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From "Adam Fuchs (JIRA)" <j...@apache.org>
Subject [jira] [Commented] (ACCUMULO-652) support block-based filtering within RFile
Date Fri, 23 Jan 2015 18:26:35 GMT

    [ https://issues.apache.org/jira/browse/ACCUMULO-652?page=com.atlassian.jira.plugin.system.issuetabpanels:comment-tabpanel&focusedCommentId=14289671#comment-14289671
] 

Adam Fuchs commented on ACCUMULO-652:
-------------------------------------

At this point I don't have any plans to complete this for 1.7. The best option is probably
to find someone to hand this off to. Current status is that there is an ACCUMULO-652 branch
with a prototype implementation. This will likely need another iteration on the API, as well
as addition performance and correctness testing. There are also some ugly parts with the RFile
configuration that may lead to a bigger RFile configuration improvement project.

> support block-based filtering within RFile
> ------------------------------------------
>
>                 Key: ACCUMULO-652
>                 URL: https://issues.apache.org/jira/browse/ACCUMULO-652
>             Project: Accumulo
>          Issue Type: Improvement
>          Components: tserver
>            Reporter: Adam Fuchs
>            Assignee: Adam Fuchs
>             Fix For: 1.7.0
>
>          Time Spent: 1h 40m
>  Remaining Estimate: 0h
>
> If we keep some stats about what is in an RFile block, we might be able to efficiently
[O(log N)], with high probability, implement filters that currently require linear table scans.
Two use cases of this include timestamp range filtering (i.e. give me everything from last
Tuesday) and cell-level security filtering (i.e. give me everything that I can see with my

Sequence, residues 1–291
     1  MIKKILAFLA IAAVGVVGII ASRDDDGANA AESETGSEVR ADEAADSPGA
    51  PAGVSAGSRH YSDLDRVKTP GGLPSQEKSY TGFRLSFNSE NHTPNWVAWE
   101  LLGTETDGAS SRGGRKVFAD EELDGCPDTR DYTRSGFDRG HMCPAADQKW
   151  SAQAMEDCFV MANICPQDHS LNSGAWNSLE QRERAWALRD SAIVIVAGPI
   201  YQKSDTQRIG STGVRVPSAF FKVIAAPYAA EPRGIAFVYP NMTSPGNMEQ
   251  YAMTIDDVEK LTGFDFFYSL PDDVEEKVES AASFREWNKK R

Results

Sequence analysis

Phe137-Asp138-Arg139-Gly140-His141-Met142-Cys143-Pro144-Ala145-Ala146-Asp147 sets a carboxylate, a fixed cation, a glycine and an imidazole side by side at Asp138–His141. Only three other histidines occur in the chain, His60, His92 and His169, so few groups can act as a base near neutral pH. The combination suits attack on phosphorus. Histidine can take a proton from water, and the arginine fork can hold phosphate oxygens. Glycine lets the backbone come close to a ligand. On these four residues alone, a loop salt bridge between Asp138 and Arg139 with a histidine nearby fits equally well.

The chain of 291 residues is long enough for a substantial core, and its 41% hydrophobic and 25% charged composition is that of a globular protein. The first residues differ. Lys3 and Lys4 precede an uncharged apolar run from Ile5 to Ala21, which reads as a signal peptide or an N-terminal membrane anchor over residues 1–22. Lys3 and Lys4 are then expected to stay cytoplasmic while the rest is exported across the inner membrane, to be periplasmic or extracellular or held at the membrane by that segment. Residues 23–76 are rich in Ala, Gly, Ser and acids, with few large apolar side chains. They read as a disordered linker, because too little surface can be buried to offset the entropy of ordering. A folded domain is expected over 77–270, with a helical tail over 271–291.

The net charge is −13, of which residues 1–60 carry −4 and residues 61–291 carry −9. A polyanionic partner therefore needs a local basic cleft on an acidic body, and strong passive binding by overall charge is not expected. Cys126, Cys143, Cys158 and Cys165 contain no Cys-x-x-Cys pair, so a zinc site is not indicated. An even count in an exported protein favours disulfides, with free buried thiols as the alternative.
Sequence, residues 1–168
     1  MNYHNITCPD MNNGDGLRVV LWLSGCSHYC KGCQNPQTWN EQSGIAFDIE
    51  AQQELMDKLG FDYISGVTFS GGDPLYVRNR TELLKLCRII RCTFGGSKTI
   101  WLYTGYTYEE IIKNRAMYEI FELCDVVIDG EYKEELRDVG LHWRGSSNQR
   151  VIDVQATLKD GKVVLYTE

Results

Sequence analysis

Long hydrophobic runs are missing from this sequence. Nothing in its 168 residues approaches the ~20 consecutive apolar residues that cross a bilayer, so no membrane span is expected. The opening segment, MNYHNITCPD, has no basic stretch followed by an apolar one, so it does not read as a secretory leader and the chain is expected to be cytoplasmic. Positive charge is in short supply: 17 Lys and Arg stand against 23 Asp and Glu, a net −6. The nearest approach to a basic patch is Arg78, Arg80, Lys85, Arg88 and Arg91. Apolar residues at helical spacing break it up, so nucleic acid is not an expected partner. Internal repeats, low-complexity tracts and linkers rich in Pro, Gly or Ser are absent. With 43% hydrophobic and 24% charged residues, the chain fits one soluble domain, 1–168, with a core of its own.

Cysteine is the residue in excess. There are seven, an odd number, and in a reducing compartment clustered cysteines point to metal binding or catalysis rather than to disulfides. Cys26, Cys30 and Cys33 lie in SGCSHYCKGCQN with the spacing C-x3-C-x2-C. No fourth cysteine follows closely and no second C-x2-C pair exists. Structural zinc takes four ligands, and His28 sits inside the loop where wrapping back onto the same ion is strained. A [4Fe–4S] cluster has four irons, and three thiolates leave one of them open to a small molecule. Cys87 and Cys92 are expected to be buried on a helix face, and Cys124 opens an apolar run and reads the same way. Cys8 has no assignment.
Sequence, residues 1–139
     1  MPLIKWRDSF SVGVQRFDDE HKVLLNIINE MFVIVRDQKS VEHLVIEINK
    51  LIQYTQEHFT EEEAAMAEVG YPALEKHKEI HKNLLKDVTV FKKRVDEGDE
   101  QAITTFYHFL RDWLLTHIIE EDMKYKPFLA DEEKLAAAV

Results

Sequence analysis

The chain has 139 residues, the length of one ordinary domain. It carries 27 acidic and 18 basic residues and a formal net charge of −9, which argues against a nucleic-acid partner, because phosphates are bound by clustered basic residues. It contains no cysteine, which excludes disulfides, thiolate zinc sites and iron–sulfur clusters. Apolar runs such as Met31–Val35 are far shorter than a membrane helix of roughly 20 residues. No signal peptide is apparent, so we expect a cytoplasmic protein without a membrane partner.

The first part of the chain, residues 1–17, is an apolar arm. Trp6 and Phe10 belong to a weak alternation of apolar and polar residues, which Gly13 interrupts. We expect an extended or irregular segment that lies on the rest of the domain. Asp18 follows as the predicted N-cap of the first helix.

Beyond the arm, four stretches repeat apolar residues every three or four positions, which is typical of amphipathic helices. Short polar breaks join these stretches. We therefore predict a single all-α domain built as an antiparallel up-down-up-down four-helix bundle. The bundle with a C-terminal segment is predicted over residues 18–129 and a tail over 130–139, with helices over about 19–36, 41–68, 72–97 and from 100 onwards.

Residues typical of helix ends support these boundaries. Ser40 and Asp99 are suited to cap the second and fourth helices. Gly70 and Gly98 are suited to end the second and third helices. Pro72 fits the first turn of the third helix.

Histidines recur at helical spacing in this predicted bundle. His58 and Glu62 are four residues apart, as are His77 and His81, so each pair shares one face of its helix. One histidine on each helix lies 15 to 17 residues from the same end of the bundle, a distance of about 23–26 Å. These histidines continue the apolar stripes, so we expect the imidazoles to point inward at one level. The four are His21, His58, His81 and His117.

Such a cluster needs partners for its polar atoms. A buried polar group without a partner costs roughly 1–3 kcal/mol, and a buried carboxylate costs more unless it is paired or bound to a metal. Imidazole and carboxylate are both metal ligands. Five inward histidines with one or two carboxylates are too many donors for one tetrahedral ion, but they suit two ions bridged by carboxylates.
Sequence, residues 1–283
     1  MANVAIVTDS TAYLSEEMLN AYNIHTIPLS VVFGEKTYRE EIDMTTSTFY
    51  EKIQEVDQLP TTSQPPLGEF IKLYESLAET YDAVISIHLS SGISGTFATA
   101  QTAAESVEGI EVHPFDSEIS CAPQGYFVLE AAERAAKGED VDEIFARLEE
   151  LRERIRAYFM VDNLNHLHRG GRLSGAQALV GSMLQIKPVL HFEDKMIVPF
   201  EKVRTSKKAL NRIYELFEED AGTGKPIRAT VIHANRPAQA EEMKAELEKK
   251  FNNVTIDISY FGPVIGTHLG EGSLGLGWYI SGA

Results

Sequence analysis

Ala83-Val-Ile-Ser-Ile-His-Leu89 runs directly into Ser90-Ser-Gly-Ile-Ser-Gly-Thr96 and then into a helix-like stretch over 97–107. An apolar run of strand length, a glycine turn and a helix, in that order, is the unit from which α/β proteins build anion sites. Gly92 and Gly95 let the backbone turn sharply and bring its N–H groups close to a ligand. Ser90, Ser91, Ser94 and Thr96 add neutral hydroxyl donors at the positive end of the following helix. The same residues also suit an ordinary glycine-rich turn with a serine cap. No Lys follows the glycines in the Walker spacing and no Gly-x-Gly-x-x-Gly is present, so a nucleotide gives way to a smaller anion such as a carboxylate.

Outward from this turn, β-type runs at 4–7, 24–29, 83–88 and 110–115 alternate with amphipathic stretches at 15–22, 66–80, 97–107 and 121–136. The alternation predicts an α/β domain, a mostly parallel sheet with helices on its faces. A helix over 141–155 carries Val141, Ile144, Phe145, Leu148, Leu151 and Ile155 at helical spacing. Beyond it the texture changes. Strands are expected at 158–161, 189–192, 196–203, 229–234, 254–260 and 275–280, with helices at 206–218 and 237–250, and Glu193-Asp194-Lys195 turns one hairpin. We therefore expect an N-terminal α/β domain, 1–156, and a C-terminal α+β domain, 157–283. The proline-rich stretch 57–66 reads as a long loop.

authorizations).
> For the timestamp range filter, we can keep minimum and maximum timestamps across all
keys used in a block within the index entry for that block. For the cell-level security filter,
we can keep an aggregate label. This could be done using a simplified disjunction of all of
the labels in the block. The extra block statistics information can propagate up the index
hierarchy as well, giving nice performance characteristics for finding the next matching entry
in a file.
> In general, this is a heuristic technique that is good if data tends to naturally cluster
in blocks with respect to the way it is queried. Testing its efficacy will require closely
emulating real-world use cases -- tests like the continuous ingest test will not be sufficient.
We will have to test for a few things:
> # The cost for storing the extra stats in the index are not too expensive.
> # The performance benefit for common use cases is significant.
> # We shouldn't introduce any unacceptable worst-case behavior, like bloating the index
to ridiculous proportions for any data set.
> Eventually this will all need to be exposed through the Iterator API to be useful, which
will be another ticket. 



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